From the very beginning, the church has always sought to put 1 John 3:18 into action, “My little children, let us not love in word, neither in tongue; but in deed and in truth.” Here is an enlightening quote from the Encyclopedia of Ancient Christianity,
“The life and circumstances of children depended on their parents and masters; no law explicitly defended them. Christianity sought through its moral influence to eliminate inhuman practices against children, radically defending human life both before and after birth (Didache 2,2; Ps.-Barn. 19,5; Apos. Con. VII, 3,2; Athen., Leg. 35,6; Tertull., Ap. 9,6-8); it raised its voice against the cruelty of parents or masters (Eph 6:4), helping out where possible. Christians opposed the practice, widespread in antiquity, of exposing children: if one did not want to raise a newborn, the child was exposed in a particular spot in the city, at Rome on the banks of the Tiber or near the Columna Lactaria in the Forum Holitorium, where anyone could pick him up and use him for their own interests, either educating or selling him as a slave. In ancient Christian literature, *Hermas wrote that this had happened to him (Vis. I,1,1).
Christians took in these exposed children to save them, though often they could do nothing more than bury them, as the tombs of many children and inscriptions in the catacombs attest (Diehl II,142-143); in some cases consecrated virgins (Aug., Ep. 98) or benevolent wealthy families educated them. They were called alumnus, proiectus, stercorius, kopron, threptos. After Constantine, laws began to protect these abandoned children, defending them as free persons (CJ VIII, 52,3-4). Later it was largely *monasteries that assumed the burden of educating these children, establishing conditions for their admission to a convent; orphans were accepted unconditionally (Basil, Reg. Maior, 15).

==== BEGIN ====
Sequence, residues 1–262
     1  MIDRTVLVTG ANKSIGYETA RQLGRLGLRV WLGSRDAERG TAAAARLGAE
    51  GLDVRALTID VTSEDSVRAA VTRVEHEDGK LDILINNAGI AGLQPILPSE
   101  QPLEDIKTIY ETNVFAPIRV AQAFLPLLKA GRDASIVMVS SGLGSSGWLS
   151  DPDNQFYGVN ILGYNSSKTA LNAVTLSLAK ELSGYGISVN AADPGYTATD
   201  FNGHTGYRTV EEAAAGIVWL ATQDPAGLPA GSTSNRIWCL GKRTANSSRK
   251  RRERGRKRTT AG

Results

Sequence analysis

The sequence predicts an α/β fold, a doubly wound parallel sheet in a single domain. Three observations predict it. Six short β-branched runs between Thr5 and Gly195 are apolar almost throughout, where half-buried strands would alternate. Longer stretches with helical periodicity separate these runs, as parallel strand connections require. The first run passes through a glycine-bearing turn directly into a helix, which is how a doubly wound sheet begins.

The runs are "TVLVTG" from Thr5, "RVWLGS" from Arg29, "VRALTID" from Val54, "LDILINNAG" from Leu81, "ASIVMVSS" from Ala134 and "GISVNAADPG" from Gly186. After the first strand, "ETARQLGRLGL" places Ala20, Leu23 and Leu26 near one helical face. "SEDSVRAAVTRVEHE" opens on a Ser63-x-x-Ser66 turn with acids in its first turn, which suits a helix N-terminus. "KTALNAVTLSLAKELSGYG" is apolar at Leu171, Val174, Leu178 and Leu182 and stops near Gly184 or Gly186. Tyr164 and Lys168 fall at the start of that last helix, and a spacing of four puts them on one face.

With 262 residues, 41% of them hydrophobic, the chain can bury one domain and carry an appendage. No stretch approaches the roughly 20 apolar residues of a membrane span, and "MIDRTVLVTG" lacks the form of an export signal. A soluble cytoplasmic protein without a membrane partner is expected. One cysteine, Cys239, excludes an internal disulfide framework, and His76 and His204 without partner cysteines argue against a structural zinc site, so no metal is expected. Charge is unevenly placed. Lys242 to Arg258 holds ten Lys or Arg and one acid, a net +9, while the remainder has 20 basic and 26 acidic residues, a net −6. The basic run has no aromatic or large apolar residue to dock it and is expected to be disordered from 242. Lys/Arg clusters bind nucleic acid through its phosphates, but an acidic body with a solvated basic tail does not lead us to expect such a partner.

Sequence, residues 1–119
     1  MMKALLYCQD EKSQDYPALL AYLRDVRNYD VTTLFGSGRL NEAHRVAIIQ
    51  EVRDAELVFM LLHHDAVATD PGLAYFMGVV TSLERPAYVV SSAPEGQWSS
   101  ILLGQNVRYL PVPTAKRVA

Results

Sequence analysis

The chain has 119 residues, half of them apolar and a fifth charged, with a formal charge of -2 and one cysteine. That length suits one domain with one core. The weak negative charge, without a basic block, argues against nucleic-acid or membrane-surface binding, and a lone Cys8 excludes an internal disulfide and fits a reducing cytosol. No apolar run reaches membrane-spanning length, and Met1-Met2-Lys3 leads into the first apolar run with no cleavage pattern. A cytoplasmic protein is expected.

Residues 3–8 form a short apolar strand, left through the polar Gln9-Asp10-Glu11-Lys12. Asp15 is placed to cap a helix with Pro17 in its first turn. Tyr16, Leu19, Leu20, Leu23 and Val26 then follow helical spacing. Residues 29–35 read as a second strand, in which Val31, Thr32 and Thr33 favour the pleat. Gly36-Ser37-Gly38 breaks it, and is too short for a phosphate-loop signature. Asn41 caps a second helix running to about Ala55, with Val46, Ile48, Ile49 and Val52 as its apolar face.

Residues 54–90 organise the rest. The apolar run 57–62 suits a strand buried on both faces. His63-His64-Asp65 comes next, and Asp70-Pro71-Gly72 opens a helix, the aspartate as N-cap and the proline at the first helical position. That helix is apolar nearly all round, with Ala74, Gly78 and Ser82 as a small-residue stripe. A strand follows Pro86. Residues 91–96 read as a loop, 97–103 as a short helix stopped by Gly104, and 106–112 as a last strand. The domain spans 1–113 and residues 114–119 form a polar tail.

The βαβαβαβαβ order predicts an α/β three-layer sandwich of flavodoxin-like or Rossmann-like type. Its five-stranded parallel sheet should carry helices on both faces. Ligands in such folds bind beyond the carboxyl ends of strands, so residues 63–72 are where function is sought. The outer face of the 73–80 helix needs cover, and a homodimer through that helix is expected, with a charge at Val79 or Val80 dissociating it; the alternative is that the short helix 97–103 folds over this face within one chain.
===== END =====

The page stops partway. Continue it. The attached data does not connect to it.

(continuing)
In the oblatio, which appeared in the 4th c., for a variety of reasons—poverty, religious motives, difficult situations—parents offered their children to God’s service, the biblical precedent being the story of the young Samuel (1 Sam 1:1–3:21). At the beginning of the Middle Ages the most common way of educating exposed or abandoned children was begun: in 787 Dateus, archpresbyter of *Milan, donated a house near the church of S. Salvatore to protect them: the first brephotrophium.“
-Berardino, Di Angelo. “Child.” Encyclopedia of Ancient Christianity, IVP Academic, Downers Grove, IL, 2014, pp. 536–538.
Recently, I had the privilege of adopting one such child. I am honored to be a member of a church where adoption and fostering is a welcome and widespread practice. Here is a devotional I gave on the day we celebrated the adoption of our daughter:
Here is the file in case the YouTube link does not work:
Thankfully, the church has not stopped, and will not stop defending life, and giving a family name to those without one. This is the best analogy for the gospel that we have in our earthly experience. This is one of the ways the victory of Christ over death, sin and the world manifests itself.
“The light shines in the darkness, and the darkness has not overcome it.” – John 1:5